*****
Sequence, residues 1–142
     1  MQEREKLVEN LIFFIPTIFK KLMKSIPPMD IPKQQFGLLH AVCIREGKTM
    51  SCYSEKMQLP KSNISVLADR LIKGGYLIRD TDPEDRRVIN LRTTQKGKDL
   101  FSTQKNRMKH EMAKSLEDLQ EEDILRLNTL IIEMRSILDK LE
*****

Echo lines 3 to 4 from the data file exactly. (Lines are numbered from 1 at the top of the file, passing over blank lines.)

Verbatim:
    51  SCYSEKMQLP KSNISVLADR LIKGGYLIRD TDPEDRRVIN LRTTQKGKDL
   101  FSTQKNRMKH EMAKSLEDLQ EEDILRLNTL IIEMRSILDK LE